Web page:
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Chris Sieroty

The Cosmopolitan continues slow, steady climb toward profitability

16 May 2013

LAS VEGAS -- Even before The Cosmopolitan of Las Vegas opened in December 2010, analysts were debating how long it would take for the most expensive casino ever built on the Strip to turn a profit.

In business for a full nine financial quarters, the $3.9 billion resort is still operating in the red, although the property showed quality year-over-year increases across its business segments — casino, food and beverage and entertainment — in the first quarter.

The resort was open for 17 days in the fourth quarter of 2010.

But there are potential threats to the resort’s efforts to move into the black as new clubs open nearby and Wynn Resorts Ltd., Caesars Entertainment Corp., and MGM Resorts International continue to dominate the Strip’s skyline.

“The property remains heavily reliant on food and beverage revenue,” Bill Lerner, an analyst with Union Gaming Research, said in a research report. “The recent opening of Hakkasan at the MGM Grand and the opening of Light and Daylight at Mandalay Bay (Memorial Day weekend) could pressure the property’s nightlife operations.”

Lerner noted that food and beverage revenue of $74.7 million equaled 40 percent of gross revenue in the first-quarter. Since the resort opened, food and beverage has generated more than $648.5 million.

The Cosmopolitan’s unique lineup includes Jaleo, Comme Ca, STK, and China Poblano.

“Their biggest impact has been on the nongaming side,” said David Schwartz, director of the Center for Gaming Research at the University of Nevada, Las Vegas. “But it’s a very competitive business.”

Schwartz said with an average life span of five years, restaurants and clubs need to “consistently update” themselves. He cited Wynn Resorts as an example of a Strip resort that has successfully adapted its offerings to meet a changing environment.

“They should always be looking to reinvent themselves because they cater to a very fickle crowd,” Schwartz said. “The Cosmopolitan has raised the bar for restaurants and clubs.”

It’s also looking to raise the bar for event spaces. The Chelsea, a new event and performance space, will be completed later this year, the resort said. The company declined to disclose construction costs.

“We estimate capital expenditures will total $70 million to $80 million during the year ending Dec. 31,” the resort’s parent company, Nevada Property 1 LLC, said in a first quarter earnings report. “We intend to finance ongoing major capital expenditures, including our event center, with borrowings from ? our credit facility.”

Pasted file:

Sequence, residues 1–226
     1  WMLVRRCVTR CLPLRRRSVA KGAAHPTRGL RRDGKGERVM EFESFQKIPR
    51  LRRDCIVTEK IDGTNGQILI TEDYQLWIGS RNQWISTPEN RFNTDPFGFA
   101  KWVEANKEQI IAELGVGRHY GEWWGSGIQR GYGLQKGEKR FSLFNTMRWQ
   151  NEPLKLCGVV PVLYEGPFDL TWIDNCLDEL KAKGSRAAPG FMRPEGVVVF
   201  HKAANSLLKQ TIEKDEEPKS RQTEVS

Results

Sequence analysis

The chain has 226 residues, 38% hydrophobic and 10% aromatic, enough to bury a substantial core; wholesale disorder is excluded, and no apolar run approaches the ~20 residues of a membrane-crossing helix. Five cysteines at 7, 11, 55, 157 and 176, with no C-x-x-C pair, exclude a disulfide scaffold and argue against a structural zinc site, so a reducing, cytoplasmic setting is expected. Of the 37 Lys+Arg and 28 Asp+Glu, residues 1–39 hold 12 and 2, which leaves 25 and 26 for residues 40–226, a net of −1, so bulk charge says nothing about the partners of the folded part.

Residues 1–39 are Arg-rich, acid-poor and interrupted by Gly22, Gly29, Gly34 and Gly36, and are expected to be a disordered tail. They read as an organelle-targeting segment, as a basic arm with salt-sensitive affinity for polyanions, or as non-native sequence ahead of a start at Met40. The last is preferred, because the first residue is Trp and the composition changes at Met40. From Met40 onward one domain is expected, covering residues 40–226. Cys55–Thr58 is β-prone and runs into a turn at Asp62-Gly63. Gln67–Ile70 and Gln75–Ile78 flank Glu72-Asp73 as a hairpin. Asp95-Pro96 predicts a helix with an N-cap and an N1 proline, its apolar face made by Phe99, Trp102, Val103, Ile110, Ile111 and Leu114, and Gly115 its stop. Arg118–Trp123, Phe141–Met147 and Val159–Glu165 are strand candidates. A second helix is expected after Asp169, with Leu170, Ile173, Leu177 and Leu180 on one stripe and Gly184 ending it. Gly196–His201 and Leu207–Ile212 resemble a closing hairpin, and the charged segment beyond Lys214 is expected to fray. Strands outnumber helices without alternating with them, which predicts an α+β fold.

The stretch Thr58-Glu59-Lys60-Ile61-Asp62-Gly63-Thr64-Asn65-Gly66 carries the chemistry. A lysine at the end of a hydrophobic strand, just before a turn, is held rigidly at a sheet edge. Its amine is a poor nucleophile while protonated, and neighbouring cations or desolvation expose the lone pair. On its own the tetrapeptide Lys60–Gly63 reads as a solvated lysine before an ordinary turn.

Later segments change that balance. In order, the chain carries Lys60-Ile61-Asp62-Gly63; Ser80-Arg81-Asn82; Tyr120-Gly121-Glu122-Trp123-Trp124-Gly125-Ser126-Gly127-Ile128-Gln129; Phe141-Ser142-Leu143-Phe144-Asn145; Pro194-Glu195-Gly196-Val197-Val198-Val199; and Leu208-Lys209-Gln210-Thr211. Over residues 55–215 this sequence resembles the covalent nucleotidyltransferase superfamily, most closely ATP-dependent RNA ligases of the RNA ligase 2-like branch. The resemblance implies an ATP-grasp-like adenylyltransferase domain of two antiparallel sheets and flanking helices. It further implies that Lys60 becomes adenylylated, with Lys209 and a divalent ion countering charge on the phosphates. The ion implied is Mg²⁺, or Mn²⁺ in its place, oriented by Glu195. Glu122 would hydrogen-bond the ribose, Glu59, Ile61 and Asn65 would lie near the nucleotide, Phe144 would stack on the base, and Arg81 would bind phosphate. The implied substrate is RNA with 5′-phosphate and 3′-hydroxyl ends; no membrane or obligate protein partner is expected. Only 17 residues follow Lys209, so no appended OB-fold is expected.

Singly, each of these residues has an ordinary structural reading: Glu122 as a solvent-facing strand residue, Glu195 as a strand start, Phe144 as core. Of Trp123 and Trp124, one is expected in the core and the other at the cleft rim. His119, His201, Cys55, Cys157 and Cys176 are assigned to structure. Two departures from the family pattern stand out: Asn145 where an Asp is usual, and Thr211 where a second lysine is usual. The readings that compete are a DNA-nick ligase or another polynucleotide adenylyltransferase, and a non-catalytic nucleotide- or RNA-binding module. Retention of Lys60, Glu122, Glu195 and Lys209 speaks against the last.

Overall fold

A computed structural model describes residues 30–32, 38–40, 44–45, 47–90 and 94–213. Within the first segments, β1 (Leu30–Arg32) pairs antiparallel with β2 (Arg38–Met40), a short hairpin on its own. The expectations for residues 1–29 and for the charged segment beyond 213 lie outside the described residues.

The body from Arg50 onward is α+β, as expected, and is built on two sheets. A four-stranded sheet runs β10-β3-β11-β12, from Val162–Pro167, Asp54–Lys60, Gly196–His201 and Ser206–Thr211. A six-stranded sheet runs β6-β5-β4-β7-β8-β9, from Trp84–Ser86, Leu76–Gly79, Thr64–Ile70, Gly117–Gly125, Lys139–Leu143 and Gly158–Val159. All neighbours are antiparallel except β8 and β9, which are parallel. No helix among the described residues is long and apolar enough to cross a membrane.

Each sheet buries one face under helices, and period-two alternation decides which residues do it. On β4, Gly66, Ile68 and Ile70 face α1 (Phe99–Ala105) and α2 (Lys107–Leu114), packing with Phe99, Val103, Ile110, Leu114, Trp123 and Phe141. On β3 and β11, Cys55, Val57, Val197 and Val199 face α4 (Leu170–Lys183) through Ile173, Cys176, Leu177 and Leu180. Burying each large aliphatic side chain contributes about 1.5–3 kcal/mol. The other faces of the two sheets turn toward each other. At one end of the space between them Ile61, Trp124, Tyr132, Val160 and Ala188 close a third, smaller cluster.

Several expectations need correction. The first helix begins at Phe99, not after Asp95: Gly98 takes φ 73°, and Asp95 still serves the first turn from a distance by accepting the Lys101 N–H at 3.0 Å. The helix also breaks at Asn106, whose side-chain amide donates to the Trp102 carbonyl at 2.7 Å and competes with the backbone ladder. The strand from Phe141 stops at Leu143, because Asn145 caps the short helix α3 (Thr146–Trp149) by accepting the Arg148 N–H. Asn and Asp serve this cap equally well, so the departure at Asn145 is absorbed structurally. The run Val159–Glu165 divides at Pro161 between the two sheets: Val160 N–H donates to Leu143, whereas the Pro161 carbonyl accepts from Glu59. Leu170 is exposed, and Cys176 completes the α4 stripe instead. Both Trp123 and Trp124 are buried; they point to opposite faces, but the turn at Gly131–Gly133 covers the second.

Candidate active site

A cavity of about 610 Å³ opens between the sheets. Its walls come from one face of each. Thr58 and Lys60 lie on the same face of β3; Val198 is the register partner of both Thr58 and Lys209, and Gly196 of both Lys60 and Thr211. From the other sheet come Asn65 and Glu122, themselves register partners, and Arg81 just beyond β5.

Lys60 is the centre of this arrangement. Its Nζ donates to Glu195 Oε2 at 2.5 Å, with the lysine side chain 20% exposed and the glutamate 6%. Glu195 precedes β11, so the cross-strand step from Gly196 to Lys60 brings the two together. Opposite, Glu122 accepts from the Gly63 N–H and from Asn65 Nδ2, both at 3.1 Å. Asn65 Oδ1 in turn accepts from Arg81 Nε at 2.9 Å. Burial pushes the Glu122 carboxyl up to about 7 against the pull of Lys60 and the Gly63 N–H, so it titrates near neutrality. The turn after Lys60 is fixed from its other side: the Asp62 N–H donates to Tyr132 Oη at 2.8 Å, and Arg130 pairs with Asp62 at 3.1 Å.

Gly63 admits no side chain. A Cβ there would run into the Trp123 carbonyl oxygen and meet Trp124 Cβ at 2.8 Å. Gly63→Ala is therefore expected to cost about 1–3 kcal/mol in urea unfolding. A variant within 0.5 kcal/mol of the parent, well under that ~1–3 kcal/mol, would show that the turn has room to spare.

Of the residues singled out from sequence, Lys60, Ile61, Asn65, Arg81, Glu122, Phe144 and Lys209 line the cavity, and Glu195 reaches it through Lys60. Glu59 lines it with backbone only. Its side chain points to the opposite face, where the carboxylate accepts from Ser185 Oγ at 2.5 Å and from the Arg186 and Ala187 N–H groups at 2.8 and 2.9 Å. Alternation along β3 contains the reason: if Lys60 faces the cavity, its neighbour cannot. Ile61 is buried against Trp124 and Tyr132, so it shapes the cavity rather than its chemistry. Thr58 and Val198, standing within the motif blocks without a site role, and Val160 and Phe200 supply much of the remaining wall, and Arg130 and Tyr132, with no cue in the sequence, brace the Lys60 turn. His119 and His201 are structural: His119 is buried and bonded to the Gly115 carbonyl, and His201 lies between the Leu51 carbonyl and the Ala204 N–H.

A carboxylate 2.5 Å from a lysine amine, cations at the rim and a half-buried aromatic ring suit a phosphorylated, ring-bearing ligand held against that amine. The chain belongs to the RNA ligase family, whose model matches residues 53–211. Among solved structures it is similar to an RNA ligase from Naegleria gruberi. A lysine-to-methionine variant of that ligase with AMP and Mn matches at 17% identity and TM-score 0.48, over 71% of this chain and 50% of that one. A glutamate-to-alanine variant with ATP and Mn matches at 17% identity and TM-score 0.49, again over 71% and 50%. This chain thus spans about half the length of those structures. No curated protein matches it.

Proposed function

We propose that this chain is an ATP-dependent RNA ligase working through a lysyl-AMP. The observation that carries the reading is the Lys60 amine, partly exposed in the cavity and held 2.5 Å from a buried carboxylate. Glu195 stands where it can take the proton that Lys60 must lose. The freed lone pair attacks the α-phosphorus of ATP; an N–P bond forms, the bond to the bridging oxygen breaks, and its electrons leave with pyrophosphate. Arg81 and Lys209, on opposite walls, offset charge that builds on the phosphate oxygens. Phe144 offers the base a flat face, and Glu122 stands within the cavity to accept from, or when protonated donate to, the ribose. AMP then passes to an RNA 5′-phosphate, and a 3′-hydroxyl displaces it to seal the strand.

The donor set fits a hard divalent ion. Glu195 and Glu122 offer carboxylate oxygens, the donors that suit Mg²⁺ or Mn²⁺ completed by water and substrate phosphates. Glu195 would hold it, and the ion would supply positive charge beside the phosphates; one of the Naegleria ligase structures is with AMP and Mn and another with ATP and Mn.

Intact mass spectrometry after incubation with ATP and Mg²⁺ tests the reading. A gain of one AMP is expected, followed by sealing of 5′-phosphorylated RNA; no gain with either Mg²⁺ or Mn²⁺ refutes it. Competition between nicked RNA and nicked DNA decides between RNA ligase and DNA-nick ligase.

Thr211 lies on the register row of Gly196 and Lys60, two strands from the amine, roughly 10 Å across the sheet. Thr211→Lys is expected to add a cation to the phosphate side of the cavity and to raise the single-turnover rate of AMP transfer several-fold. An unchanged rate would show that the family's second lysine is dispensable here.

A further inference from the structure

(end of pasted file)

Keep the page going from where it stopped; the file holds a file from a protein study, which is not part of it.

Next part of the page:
Once completed, the 50,000-square-foot venue will hold more than 3,000 people.

Lerner noted room revenue, which is 34 percent of gross revenue, increased 8 percent in the first quarter to $63.7 million. He said the room segment benefited from the implementation of a $25 nightly resort fee on Jan. 1.

The property’s average daily room rate of $273 topped other high-end properties. For example, Wynn Las Vegas and Encore reported ADR of $258, while The Venetian and the Palazzo reported a combined ADR of $211.

On the gaming side, Lerner said casino revenues were 22 percent of gross revenue. By way of comparison, gaming revenue as a percentage of total revenue for the average Strip property was 36 percent in 2012, according to Union Gaming Research.

The Cosmopolitan said it is looking to increase international hosting services, building a database of slot customers and expanding its alliance program to generate higher casino revenues.

Meanwhile, the Cosmopolitan also has to contend with some negative publicity in its negotiations with the Culinary Union. The argument led to union supporters blocking part of the Strip in March.

Messages left with Yvanna Cancela, political director for the union, were not returned. Cosmopolitan officials have said they believe they can reach a mutually beneficial solution.

Negotiations have stalled over a number of issues including pension benefits, working hours, health case, and the number of rooms housekeepers are required to clean.

“A protracted battle with the union could weigh on near-term operating results if it disrupts access to the property,” Lerner said. “A potential deal that results in increased wages and/or benefits would also impact profitability.”